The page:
New York’s E-Cigarette Ban Could Be Bad News for All Vapers

In the absence of federal regulations, the city could kickstart a wave of regulations

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In the looming battle over electronic cigarettes, New York City struck early. It’s not surprising. In one of its last moves before avowed tobacco opponent Mayor Michael Bloomberg leaves office, the city council voted Dec. 19 to subject e-cigarettes to the same regulations as regular smokes.

Los Angeles and Chicago are considering similar bans. Utah, New Jersey and North Dakota have passed legislation prohibiting e-cigarettes wherever regular smoking is barred and many other states are weighing how to regulate the increasingly popular product.

But New York’s action could be particularly influential. When the city banned smoking in all indoor workplaces in 2003, cigarettes were still commonplace in bars and restaurants around the country. That began to change shortly after New York’s law. Today, finding a restaurant anywhere in the country that allows smoking feels like a relic.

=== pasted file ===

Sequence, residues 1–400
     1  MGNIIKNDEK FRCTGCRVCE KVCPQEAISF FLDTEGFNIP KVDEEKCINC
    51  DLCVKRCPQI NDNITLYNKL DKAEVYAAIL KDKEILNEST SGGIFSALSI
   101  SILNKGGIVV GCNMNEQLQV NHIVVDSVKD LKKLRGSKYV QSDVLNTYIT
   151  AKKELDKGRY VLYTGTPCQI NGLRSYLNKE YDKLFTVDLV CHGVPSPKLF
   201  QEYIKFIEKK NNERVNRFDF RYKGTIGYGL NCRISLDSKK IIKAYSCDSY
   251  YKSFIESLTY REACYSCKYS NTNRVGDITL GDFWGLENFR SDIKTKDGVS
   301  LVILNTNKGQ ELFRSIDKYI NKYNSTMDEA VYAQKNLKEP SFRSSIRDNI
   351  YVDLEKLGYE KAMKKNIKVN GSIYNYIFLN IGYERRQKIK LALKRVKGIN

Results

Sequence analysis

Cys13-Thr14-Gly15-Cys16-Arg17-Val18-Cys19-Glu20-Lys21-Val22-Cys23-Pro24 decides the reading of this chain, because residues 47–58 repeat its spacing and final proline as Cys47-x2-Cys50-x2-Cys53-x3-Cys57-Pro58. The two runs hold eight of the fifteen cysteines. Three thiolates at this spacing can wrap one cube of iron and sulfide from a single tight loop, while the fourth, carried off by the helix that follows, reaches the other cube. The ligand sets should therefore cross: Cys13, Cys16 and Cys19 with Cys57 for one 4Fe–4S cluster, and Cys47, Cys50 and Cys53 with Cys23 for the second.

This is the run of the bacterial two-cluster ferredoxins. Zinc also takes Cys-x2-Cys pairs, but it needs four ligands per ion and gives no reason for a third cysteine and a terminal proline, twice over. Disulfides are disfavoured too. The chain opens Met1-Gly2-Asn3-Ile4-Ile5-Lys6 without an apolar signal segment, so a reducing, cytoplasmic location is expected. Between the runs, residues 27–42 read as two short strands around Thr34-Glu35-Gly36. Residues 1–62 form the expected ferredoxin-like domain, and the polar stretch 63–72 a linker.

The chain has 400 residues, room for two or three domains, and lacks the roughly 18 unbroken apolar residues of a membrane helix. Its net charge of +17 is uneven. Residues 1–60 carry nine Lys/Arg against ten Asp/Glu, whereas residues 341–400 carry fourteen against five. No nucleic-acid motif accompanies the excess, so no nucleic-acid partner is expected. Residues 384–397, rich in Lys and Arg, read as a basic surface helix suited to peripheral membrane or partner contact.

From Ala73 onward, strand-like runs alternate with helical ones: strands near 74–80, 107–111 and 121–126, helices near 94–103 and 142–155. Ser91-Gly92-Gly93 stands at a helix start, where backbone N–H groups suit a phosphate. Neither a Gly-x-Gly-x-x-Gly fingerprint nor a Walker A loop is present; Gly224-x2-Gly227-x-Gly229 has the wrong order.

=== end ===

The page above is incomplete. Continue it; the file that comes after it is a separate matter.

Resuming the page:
The vote comes as a blow to e-cigarette smokers– sometimes called “vapers” because the vaporized nicotine solution they exhale is not smoke– and to e-cigarette manufacturers and specialty retailers who sell them. One of the appeals of electronic cigarettes for adult smokers is the relative convenience of electronic cigarettes, which don’t have the same offensive odor as regular cigarettes and are legal to use indoors in most places.

Vapers and those who provide their fix are understandably peeved. E-cigarette manufacturers argue that regulations that make e-smoking less convenient will only harm smokers who might have switched to a safer product. The FDA doesn’t quite see it that way.

E-cigarette makers are not legally allowed to make claims that their product can help people quit smoking. They have not gone through the agency’s approval process that governs products like the nicotine patch or nicotine gum and proves their efficacy in helping people quit.

Electronic cigarettes are not currently regulated by the federal government – the FDA has said that the agency will assert control over them in December, kicking off the regulatory process, but as we near Christmas, that promise seems increasingly unlikely. Without regulatory standards, the safety of electronic cigarettes varies widely.

Public health officials are eager for regulation so that they can begin to study e-cigarettes and find out how they should fit in the broader efforts to reduce cigarette consumption – the leading cause of preventable death in the Western world.

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